It was around the early 2000s, when I was working at the UK Environment Agency, that I became aware of the potential of high resolution accurate mass (HRAM) mass spectrometry for screening pesticides (and other contaminants) in food and environmental samples. I remember there were some bold predictions (from well-respected colleagues), speculating that time-of-flight (Tof) instruments would become dominant in the future and that targeted acquisition approaches would be fading away. "This is the future," they said - and I believed them. It was a compelling case: almost no limitation to the number of compounds that can be measured in a single acquisition run; easy method set-up with no tricky setting up of acquisition windows; and no worrying about ions to monitor and retrospective data analysis, to name a few. It made perfect sense.
So what happened? Targeted approaches using quadrupole mass spectrometers still dominate hugely today both for LC and GC.
To be fair, it could be that I‘m a little impatient for the future to emerge, as acceptance and adoption of new technology tends to take a while, and for legitimate reasons too. Despite that initial interest in the use of HRAM for pesticides screening, one of the barriers to progress has been the limitations of the technology. HRAM systems operating in full scan were simply not good enough to measure a large number of components, in a range of complex matrices with sufficient selectivity, wide linear dynamic range and sufficient sensitivity. The further steps of quantitation and identification were out of the question, so triple quadrupole systems have remained dominant. The needle on the HRAM screening gauge hardly moved.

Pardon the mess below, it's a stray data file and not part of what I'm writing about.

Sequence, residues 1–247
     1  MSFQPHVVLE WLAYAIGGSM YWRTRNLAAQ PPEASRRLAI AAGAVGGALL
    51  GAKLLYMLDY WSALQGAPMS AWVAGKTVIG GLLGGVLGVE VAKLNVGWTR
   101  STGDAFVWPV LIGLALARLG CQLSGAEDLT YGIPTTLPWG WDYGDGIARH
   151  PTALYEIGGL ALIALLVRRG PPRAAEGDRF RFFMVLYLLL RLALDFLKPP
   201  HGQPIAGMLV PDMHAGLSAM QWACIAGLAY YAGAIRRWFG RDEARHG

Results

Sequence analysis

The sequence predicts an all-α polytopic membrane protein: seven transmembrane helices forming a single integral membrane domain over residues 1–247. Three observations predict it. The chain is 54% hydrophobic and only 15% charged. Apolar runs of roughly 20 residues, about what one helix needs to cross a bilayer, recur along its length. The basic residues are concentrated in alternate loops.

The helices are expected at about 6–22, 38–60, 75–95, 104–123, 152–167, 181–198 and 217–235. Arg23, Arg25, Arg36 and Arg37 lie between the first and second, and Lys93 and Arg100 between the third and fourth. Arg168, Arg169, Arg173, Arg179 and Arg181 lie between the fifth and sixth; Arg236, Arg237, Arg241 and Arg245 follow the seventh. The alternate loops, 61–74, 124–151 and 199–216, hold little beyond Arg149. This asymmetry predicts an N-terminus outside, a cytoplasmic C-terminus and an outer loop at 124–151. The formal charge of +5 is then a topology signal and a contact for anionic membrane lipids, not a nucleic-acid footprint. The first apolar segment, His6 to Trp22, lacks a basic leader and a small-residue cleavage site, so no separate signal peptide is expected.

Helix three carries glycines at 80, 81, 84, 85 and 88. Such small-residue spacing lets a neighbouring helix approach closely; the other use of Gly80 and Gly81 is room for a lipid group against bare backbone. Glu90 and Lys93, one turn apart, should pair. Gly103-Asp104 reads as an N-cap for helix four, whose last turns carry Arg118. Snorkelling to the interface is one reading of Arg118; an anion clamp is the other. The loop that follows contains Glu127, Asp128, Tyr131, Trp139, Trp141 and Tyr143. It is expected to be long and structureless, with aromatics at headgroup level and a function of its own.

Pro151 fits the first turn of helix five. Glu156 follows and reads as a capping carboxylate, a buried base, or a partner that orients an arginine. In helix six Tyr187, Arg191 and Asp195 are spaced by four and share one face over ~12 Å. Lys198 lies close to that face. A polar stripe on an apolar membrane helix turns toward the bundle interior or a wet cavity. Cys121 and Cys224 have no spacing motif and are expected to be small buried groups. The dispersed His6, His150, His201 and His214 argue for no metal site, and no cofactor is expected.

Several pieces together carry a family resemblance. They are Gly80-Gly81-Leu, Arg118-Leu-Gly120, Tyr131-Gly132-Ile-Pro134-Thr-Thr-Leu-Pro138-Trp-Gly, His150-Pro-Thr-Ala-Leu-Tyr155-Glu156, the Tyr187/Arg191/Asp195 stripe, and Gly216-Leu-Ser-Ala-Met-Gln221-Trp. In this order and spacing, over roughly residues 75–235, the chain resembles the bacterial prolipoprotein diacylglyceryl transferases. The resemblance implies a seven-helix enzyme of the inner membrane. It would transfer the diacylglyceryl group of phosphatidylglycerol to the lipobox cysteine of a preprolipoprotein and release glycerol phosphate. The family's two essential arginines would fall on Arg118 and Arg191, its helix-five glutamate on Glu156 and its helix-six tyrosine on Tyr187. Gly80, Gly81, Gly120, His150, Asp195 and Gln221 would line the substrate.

Then Orbitrap arrived.
Arrival of GC-Orbitrap Technology
Finally, there was a technology available that combined all the benefits and value that full scan acquisition brings with the quantitative power of quadrupole instruments. In addition, the selectivity on offer was extremely good, which facilitated automated data processing, and- perhaps a key factor- despite the power, the technology was easy to use. We could finally have a simple screening method for a broad range of compounds in which we could detect, quantify and identify analytes at the regulatory detection limits required in a variety of complex matrices, all at the same time.
But there was a problem: in the pesticide world, LC and GC are inseparable. They are like brother and sister (sometimes fighting over which pesticide belongs to who). There are simply some pesticides that don’t “fly” on LC and can only be directly analysed by GC- and vice versa. LC Orbitrap technology was leading the advance in HRAM screening, but the GC was missing. This was explained beautifully by Hans Mol (RIKILT Research Institute) at RAFA 2015, and also in a lecture titled Simultaneous Quantitative Determination and Screening of Pesticides using Orbitrap MS Technology at the 1st Recent Developments in Pesticide Analysis conference. Why would we charge ahead with HRAM screening for pesticides without the same possibilities for GC separations? Could this be the final piece in the HRAM screening jigsaw?
So now, here’s a bold prediction of my own: the introduction of GC Orbitrap technology in 2015 is the moment that could mark the start of a new future in pesticide analysis. With the Q Exactive GC joining the Q Exactive series systems (especially the Q Exactive Focus), now all of the technology (LC-MS & GC-MS) is available to begin to shift the paradigm, and significantly move the needle in HRAM pesticide analysis.
Visit the great resources below for more useful information about screening for pesticides with Orbitrap GC-MS technology.